Software 101: Why does DevOps recommend Shift-left Testing principles?

Why does DevOps recommend shift-left testing principles? This question arrived in our email and this blog post attempts to answer that.


In conventional software development methodologies, testing occurs at the end of the development cycle. The shift-left testing approach, on the other hand, positions testing far earlier in the development cycle, often at the beginning. Shift-left testing refers to doing test activities earlier in the software development process. The premise is that the earlier faults in the development process are found, the easier and less expensive it is to correct them. DevOps teams may avoid costly rework and delays in this manner. This article stresses why DevOps recommend shift-left testing principles and other basic concepts as well.

What are Shift-left Testing Principles?

Shift-left testing is an approach in software development where testing activities are initiated earlier in the software development life cycle (SDLC). The Shift Left technique seeks to discover and address issues as early in the development process as feasible. This increases software quality and decreases time spent later in the pipeline correcting errors (which normally magnify as development progresses).

The goal is to detect defects or issues as early as possible, ideally during the requirements or design phase, rather than waiting until the later stages of development or during the testing phase. Here are some general principles associated with shift-left testing:


1. Testing activities should be involved from the beginning of the SDLC to provide feedback and identify potential issues early on.

2. Testers work closely with developers, business analysts, and other stakeholders to understand requirements and provide inputs during the design phase.

3. Automation plays a crucial role in shift-left testing to enable quick and efficient testing throughout the SDLC. Automated tests can be executed continuously, providing immediate feedback on the software's quality.

4. Testing activities are performed continuously throughout the development process, rather than being limited to a dedicated testing phase. This allows for faster feedback loops and quicker identification of defects.

5. Test-driven development is a development approach where tests are written before the code. It ensures that the code meets the specified requirements and facilitates early defect detection.

6. By shifting testing activities left, defects can be identified and resolved early in the development process, reducing the cost and effort required for fixing them later.

7. Shift-left testing focuses on identifying high-risk areas and allocating testing efforts accordingly. This approach ensures that critical functionalities are thoroughly tested early on.

Why does DevOps recommend shift-left testing principles?

The shift-left testing principles advocated by DevOps encourage testing activities to be performed early in the software development lifecycle. Instead of leaving testing until the later stages, this approach involves integrating testing into the initial phases of development. The purpose of this proactive testing strategy is to achieve several advantages.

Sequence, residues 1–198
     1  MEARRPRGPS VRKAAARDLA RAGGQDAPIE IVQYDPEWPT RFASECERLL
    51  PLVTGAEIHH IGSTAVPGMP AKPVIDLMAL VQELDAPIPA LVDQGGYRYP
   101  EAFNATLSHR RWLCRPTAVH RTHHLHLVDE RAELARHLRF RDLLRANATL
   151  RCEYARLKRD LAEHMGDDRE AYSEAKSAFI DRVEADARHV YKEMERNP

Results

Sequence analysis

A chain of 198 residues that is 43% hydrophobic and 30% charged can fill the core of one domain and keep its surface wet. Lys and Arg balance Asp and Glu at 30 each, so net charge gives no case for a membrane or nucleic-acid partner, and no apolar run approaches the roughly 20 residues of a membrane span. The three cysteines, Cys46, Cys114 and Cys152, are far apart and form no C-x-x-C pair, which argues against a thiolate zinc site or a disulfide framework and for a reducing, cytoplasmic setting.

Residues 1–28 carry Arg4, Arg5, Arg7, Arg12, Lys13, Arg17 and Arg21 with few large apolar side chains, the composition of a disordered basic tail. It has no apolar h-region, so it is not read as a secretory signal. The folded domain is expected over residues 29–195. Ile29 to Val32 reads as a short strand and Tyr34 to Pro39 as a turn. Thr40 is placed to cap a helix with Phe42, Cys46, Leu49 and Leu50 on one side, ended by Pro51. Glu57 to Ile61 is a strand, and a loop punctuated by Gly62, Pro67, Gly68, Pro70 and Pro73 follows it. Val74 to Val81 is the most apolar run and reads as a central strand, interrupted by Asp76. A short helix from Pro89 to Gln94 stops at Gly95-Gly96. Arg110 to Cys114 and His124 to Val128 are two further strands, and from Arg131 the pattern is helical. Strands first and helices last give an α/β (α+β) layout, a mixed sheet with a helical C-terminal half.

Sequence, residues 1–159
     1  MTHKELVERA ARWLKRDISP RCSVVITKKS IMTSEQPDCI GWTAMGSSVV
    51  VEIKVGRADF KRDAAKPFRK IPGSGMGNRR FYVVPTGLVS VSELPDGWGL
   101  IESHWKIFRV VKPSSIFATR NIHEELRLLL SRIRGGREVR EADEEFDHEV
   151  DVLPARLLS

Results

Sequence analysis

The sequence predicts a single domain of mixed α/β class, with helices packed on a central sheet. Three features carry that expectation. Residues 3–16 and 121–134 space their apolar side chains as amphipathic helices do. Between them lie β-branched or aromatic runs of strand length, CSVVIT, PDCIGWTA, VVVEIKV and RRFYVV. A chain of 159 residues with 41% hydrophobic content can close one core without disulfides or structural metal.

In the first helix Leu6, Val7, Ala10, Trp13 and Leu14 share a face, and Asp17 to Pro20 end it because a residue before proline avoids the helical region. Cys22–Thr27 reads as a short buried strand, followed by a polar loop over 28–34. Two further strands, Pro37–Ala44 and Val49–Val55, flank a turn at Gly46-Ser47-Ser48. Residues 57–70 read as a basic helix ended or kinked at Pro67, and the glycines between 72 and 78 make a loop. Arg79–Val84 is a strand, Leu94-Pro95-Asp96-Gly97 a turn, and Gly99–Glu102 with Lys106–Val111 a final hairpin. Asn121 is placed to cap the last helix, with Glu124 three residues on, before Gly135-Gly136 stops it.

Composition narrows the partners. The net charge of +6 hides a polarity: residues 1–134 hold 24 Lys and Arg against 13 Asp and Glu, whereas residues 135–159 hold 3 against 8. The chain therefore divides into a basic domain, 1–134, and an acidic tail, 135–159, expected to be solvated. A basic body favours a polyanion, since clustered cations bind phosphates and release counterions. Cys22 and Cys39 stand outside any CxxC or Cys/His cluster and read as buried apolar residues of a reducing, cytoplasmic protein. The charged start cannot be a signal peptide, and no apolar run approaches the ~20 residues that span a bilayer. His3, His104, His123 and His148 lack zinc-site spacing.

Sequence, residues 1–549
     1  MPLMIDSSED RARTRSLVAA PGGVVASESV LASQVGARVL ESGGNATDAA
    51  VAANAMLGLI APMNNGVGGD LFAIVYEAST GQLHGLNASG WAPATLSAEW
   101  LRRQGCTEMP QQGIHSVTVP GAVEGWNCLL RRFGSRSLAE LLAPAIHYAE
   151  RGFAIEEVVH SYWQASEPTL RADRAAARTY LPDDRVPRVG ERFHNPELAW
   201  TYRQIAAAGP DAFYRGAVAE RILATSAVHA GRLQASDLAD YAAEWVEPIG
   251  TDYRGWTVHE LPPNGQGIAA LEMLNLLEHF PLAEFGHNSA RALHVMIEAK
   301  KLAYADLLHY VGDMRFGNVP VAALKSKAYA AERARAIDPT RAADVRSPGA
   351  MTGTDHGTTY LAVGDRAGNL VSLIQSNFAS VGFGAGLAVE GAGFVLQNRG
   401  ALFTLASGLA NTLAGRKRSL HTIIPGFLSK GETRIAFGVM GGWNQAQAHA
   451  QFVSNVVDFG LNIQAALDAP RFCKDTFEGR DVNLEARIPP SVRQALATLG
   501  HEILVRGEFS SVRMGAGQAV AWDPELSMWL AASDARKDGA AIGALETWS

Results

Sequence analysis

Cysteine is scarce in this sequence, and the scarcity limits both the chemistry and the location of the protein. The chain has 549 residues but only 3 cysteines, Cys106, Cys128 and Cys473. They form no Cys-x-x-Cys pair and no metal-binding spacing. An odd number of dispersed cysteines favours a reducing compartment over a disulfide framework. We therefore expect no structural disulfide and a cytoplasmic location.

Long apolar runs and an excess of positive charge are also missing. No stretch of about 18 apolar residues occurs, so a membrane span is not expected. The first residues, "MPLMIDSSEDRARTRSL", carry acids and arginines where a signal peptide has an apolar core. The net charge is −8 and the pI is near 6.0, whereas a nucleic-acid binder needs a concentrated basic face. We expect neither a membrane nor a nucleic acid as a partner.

Firstly, by testing early, any bugs or issues can be identified and addressed at an early stage. This early detection helps to minimize the cost and effort required to fix defects later in the development cycle. Additionally, by catching issues early on, developers can receive immediate feedback on the quality of their code, enabling them to iterate and improve quickly.

Furthermore, the shift-left testing approach facilitates continuous quality assurance throughout the development process. By integrating testing early and continuously, it ensures that quality assurance activities become an integral part of development. This helps prevent the introduction of defects and allows for ongoing verification of software quality.

Another benefit of shift-left testing is improved collaboration and communication between developers, testers, and other stakeholders from the outset. By involving all parties early on, there is better communication, a shared understanding of requirements, and alignment of expectations. This collaboration ultimately leads to higher-quality software. In addition, the shift-left approach contributes to reducing the time to market for software releases. Early detection and resolution of issues minimize the time required for rework and bug fixing. This enables faster delivery cycles and allows organizations to bring their software to market more quickly.

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As we conclude our blog post for the question "Why does DevOps recommend shift-left testing principles", we can state the specific principles associated with shift-left testing may vary depending on the context, organization, and industry. Overall, the shift-left testing principles align with DevOps' focus on automation, collaboration, and continuous improvement. By integrating testing early and consistently throughout the software development process, organizations can enhance software quality, accelerate delivery, and achieve more efficient and reliable software releases.

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